Friday, May 28, 2010

Two songs from Arcade Fire's upcoming album, The Suburbs

On NPR's "All Songs Considered." If you click the link labeled "Hear The Interview And Songs," they play one song ("The Suburbs") right at the beginning of the interview (1:10), and there's one more song ("Month of May") at 16:40. The album is supposed to be released in the US on August 3.

Both of the songs are pretty mediocre for a band that's had so many great songs in the past — and these are presumably highlights of the new album. The music is OK, not bad, but they've lost that magic that made their debut album, Funeral, so compelling.

It's also painful listening to the interviewer (Bob Boilen), after they play "Month of May," struggling to formulate a question about how the band's music has changed. Boilen seems to be an Arcade Fire fan, and I bet he realizes that the new album is probably going to be a disappointment. But when you're on NPR interviewing one of the most acclaimed indie bands, you're not going to criticize their music. So you have to come up with a question like this:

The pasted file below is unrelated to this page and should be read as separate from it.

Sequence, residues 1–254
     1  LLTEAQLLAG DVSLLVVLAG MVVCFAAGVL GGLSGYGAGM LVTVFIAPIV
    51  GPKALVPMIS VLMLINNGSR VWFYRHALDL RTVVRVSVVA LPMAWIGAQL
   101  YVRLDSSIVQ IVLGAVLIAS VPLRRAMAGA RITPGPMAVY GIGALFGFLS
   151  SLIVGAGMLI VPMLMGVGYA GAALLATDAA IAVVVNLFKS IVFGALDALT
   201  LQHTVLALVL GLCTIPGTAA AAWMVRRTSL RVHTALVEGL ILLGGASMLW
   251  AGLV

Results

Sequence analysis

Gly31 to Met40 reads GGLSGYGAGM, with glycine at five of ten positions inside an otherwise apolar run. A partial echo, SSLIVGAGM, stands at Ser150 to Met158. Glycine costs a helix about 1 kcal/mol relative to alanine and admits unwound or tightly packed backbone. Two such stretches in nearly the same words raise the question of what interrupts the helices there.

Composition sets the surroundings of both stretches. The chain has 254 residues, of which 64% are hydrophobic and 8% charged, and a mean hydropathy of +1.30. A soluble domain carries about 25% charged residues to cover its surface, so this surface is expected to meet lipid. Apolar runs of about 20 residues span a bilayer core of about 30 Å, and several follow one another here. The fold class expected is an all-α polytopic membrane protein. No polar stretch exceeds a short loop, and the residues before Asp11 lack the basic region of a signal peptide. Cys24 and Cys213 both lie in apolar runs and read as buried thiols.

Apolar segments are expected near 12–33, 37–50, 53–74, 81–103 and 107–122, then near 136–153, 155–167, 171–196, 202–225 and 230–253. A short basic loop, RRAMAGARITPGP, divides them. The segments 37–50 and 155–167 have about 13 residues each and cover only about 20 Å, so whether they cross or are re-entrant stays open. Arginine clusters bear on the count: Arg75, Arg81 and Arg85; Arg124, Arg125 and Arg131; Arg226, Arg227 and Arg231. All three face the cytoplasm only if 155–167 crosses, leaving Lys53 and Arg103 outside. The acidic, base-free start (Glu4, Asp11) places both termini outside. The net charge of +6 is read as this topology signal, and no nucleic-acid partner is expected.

When I think of the scope of your music and falling in love with it in 2004, and then hearing this, I feel like you're sort of gravitating more to, uh, rock 'n' roll fare, and the early stuff was more like, "What kind of sound is this?" I mean, obviously, we've only heard two songs from the record, so it's a little hard to tell.
This is a somewhat understandable reaction to "Month of May," which is self-consciously heavier than Arcade Fire usually is — though it's akin to the scorcher from Funeral, "Neighborhood #3 (Power Out)." The question makes less sense applied to the title song, "The Suburbs," which sounds like a watered-down version of songs from their previous two albums. It's not in a particularly different genre than "Rebellion (Lies)": mid-tempo, intense but restrained, piano-driven rock with soaring melodies over a steadily thumping rhythm section. The difference is more intangible: "The Suburbs" just isn't the breath of fresh air that "Rebellion (Lies)" (the #29 song of last decade) was.

What Boilen might have been thinking, but couldn't say, is that Arcade Fire started out seeming like they would be one of the great bands of their generation, but it seems more and more like their greatness was mostly confined to one album. Of course, I'll have to listen to The Suburbs in full once it comes out to see if I'm right about this . . .